Nevada is not terribly close to Virginia and the demographics and issues are quite different there, but Youngkin is going there in 2 weeks to help gubernatorial candidate Joe Lombardo (R), who he probably doesn't even know. But what he does know is that Nevada is an early primary state and talking to local Republican politicians now and helping them raise money is something he could remind them of, should the need ever arise.

Virginia can run on autopilot for a while, so Youngkin is also going to campaign for Republicans in New Mexico, Oregon, and Kansas (states where Republicans want to knock off a Democratic governor) and other states as well.

We'll give Youngkin credit for this, though: He is not being coy. He is telling anyone who will listen that he is presidential material. However, he has not announced a run yet. There is the little problem of Donald Trump that he hasn't quite solved. But if Trump doesn't run, Youngkin wants to be ready to go. Of course, if Trump doesn't run, for whatever reason, Youngkin will have quite a bit of competition and he is much less well known than Mike Pence and Gov. Ron DeSantis (R-FL), so Youngkin feels he needs to get to work now. (V)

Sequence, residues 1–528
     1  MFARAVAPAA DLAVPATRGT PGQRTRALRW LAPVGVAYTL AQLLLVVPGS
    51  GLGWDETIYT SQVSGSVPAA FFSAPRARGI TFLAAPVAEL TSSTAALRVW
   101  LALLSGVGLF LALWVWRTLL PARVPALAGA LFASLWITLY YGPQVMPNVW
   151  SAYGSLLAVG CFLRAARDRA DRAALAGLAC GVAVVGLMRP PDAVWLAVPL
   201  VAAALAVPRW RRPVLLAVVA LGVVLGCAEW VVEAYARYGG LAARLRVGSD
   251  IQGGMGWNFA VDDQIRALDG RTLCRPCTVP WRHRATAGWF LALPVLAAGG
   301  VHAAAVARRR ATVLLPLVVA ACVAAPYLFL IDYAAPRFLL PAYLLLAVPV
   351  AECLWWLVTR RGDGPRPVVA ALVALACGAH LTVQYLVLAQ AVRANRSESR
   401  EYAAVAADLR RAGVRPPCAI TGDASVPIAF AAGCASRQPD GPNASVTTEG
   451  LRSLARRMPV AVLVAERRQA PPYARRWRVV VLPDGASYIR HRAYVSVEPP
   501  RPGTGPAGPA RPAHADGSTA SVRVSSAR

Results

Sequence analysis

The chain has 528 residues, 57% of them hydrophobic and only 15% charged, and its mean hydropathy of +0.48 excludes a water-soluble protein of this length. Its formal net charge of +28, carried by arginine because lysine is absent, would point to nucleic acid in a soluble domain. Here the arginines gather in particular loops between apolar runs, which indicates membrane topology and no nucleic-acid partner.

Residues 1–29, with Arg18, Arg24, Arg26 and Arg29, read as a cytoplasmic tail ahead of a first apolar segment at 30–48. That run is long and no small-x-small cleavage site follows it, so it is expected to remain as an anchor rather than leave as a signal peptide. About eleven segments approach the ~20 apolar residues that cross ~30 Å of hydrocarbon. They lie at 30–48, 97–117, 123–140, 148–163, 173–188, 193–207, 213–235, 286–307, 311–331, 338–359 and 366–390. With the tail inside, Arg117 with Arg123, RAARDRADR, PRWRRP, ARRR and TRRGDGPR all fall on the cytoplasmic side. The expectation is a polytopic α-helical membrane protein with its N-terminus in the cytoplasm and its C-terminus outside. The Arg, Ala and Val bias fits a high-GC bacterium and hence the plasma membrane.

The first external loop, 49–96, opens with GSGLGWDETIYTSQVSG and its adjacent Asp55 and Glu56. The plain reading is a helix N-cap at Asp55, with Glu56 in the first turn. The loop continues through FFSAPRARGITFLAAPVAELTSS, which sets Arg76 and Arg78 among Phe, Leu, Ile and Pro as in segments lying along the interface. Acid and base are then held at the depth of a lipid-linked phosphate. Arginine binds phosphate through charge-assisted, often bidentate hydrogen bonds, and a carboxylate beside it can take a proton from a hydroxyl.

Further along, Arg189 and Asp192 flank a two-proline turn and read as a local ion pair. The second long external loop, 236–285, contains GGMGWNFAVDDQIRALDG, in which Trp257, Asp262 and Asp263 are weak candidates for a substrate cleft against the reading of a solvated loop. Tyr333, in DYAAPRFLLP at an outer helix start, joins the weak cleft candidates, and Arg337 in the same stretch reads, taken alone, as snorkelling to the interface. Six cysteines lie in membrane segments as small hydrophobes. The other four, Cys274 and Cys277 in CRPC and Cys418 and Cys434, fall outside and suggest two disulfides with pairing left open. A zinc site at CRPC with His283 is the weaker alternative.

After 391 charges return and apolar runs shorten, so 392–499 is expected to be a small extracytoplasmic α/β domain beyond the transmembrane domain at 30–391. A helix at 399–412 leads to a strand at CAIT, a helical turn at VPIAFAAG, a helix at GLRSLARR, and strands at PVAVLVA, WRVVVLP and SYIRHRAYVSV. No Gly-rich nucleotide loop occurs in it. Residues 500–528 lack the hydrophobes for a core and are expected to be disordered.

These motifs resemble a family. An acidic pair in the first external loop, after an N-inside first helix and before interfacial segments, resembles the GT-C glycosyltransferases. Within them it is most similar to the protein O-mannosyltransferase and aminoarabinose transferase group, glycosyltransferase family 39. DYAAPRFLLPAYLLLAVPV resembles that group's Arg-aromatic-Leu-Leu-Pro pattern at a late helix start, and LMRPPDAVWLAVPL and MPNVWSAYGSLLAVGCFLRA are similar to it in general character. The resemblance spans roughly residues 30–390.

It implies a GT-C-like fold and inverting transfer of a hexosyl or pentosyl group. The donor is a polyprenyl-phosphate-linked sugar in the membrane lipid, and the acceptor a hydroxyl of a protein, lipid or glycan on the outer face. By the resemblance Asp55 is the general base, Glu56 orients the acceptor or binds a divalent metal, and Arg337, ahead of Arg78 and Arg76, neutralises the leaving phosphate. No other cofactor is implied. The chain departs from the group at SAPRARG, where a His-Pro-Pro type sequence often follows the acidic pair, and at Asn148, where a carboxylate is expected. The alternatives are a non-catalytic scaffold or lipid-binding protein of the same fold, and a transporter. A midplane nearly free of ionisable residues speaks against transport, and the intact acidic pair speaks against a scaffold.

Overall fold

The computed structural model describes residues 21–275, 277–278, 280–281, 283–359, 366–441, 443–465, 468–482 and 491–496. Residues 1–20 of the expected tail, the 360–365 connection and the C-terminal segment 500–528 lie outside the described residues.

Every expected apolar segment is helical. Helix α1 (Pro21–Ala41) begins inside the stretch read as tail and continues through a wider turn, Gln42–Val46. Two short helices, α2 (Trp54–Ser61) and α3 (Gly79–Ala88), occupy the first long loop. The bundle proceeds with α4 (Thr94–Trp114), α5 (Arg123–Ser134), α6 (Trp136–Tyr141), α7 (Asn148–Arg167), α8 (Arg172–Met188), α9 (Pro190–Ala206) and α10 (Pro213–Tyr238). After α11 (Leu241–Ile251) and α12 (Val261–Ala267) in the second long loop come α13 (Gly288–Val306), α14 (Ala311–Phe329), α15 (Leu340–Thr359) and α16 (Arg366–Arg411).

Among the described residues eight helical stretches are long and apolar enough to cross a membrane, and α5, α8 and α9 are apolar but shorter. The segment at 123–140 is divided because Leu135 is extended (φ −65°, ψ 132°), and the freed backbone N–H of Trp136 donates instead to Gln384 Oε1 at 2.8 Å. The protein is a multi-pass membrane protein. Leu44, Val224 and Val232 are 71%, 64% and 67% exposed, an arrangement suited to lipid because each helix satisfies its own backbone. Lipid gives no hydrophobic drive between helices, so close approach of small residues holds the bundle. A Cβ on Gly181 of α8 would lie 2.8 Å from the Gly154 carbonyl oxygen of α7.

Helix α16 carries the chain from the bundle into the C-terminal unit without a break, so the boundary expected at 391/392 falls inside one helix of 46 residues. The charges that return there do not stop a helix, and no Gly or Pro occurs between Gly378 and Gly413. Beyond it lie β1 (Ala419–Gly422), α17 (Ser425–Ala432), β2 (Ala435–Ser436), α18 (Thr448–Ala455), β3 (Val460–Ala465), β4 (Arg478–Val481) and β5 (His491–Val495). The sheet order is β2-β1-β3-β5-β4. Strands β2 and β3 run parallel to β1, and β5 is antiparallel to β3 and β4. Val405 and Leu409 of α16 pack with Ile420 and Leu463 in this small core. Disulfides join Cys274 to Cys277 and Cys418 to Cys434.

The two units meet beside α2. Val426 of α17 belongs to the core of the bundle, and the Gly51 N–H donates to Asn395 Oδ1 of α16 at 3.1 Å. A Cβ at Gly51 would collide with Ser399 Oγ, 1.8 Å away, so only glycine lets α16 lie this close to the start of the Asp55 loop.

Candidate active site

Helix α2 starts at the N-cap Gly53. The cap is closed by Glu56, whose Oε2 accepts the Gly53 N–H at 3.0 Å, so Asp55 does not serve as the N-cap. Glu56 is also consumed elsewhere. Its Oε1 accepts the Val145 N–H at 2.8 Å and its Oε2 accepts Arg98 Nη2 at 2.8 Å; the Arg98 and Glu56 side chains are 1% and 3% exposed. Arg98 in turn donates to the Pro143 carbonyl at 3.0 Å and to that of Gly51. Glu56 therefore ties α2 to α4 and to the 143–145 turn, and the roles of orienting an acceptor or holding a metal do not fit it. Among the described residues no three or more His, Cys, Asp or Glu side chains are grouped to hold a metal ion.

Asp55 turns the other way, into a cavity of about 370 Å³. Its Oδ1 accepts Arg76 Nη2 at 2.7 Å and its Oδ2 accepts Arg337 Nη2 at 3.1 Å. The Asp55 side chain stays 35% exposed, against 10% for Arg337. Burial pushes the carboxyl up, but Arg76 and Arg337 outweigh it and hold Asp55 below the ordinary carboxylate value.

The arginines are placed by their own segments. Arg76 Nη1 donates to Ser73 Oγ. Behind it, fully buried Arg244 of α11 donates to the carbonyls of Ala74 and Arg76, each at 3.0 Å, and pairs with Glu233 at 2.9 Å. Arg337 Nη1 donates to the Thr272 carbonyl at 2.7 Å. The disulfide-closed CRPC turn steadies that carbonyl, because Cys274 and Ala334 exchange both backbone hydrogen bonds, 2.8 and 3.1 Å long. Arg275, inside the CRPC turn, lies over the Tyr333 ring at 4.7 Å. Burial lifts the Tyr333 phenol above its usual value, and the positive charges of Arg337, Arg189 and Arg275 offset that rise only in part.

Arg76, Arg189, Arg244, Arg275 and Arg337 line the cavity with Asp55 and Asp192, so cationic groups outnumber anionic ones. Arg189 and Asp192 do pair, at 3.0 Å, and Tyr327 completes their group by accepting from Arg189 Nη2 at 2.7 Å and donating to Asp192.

Oz Will Get A Tax Break on His Florida Mansion

The bad news keeps coming for Mehmet Oz. He is constantly being mocked for being out-of-state and out-of-touch. Now another little tidbit has come out that is not going to help him.

Oz was recently asked how many houses he has. He said "two." Turns out it was 10. That's twice as many as John McCain had in 2008, and to McCain's everlasting credit, he at least told the reporter he didn't know and would have his staff work on it. One of Oz' 10 houses is now in the news, and it isn't the one he just bought in Pennsylvania so he could claim he lives in the state.

The news-y house is a multimillion-dollar beachfront mansion in Palm Beach County, FL, not that far from his once-buddy Donald Trump. Oz has described the house as "heaven." He recently put in millions of dollars to upgrade the residence, including putting in a pool and spa. After all, if you are tired of swimming in the ocean, it would be nice to have a pool as an alternative. It is not known if he added a special refrigerator for keeping crudités properly chilled.